In my view, such responses are often not worth the time to even respond to.  It shows a complete lack of understanding of how leaders take risks and learn.  Instead, I challenge such people to recall the famous New Testament story in John chapter 8 verse 7 which, even if you are not Christian or religious, has an important lesson for humanity.  The story goes that Jesus faced a mob that was eager to execute a woman caught in adultery. He put a stop to it with a simple challenge: anyone who has no sin in their life should step forward and throw the first stone. Of course, the mob quickly disbursed without executing the woman and no stones being thrown.

Very wise lesson to be learned here.  In other words, all humans make mistakes.  Criticism about making mistakes is unwarranted.  Instead, don’t be afraid to take calculated risks and make those mistakes.  Good leaders learn from them.  And often such mistakes are the most valuable things you’ll learn.


One Comment About Economics: Canada’s Governments Need to Get Its Spending Under Control


It’s not new and surprising but Canada’s governments at all levels need to get their spending under control.  While some left leaning economists and academics often promote the “revenue” side of the equation to try and get our annual deficits under control, all that does is encourage more and new types of taxation to sustain expenditure levels.  Instead, in my opinion and many others’, it is the expenditure side of the equation that needs particular attention.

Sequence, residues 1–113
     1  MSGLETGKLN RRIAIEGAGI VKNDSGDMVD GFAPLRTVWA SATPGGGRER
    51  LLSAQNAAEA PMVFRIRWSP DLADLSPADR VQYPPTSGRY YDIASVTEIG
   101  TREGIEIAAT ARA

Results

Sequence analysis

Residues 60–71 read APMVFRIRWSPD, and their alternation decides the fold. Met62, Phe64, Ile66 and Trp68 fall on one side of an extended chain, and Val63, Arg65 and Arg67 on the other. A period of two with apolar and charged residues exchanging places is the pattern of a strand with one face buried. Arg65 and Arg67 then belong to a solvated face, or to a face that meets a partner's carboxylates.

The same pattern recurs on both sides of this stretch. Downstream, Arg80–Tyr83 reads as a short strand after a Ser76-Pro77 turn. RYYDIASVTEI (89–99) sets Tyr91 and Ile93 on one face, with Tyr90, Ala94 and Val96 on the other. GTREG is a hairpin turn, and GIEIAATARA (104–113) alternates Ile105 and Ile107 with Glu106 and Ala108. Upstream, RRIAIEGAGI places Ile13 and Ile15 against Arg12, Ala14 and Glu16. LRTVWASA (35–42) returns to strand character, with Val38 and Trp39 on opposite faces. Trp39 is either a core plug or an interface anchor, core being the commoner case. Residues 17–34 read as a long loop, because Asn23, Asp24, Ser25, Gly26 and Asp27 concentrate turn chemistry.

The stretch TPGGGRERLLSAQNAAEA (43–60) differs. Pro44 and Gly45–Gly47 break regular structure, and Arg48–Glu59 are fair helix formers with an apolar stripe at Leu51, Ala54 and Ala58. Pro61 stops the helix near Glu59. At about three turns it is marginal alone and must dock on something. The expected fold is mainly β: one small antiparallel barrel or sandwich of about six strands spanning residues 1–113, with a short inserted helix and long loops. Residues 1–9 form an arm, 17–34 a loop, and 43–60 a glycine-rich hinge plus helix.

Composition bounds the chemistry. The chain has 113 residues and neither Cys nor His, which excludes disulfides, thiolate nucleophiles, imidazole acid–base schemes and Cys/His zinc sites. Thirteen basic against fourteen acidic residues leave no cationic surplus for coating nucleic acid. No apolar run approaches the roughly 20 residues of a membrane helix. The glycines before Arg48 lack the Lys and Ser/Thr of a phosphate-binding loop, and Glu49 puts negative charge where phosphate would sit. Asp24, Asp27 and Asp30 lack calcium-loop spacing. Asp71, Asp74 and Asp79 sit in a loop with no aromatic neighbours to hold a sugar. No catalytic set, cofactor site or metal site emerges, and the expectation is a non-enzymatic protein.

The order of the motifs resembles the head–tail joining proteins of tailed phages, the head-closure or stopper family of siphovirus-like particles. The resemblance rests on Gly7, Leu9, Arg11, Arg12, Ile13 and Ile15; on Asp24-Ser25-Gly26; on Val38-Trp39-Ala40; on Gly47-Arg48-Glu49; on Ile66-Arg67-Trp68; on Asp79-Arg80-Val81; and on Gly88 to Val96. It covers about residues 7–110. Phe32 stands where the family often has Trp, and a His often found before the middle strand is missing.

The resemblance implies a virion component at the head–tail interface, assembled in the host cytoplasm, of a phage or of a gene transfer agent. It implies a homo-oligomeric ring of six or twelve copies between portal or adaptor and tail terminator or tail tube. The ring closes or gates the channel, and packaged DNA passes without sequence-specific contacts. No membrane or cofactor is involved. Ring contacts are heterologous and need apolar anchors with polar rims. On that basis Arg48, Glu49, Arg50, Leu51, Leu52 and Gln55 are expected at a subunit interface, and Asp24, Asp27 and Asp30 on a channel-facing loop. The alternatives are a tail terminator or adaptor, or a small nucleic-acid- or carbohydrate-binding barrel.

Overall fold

As Travis Toews, a CPA and former Alberta Finance Minister, wrote in the Financial Post on May 7, 2024:

Last month’s federal budget has been called “the worst … in decades.” It is hard to disagree. Spending is clearly out of control, the cost of servicing Canada’s debt is ballooning and a balanced budget is not even on the horizon. In this, the feds are not alone. At every level of government, with few exceptions, Canada’s fiscal health is in a death spiral. Unless a new course is struck, the harm to Canadians will last for generations. Over the past nine years, the federal government’s net debt has skyrocketed. In 2015, it was $612 billion. This year, the budget projects, it will be $1.4 trillion. Of the large provinces, only Alberta foresees a surplus for the coming year. Ontario, Quebec and British Columbia expect deficits totalling a combined $26 billion. What can be done? We need to demand more responsible fiscal management from those we elect. There are four critical steps governments can take.

Mr. Toews goes on to explain the four steps as follows:

1.     Government must establish transparent, defensible and well understood fiscal anchors (or guideposts) and commit to them;

2.     Government spending must be brought under control;

3.     Spending needs to be prioritized; and

4.     We need to improve our business competitiveness.

Hallelujah!  Absolutely.  I love reading common sense.  Please speak up and take interest in the out-of-control spending by governments that will have a negative impact on future generations.


Bonus Comment – Quote From John C. Maxwell–– American Author, Speaker and Pastor – About Making Mistakes


Don’t buy into the notion that mistakes can somehow be avoided. They can’t be.”


Yep, totally agree!  Leaders, are you learning and growing from your inevitable mistakes?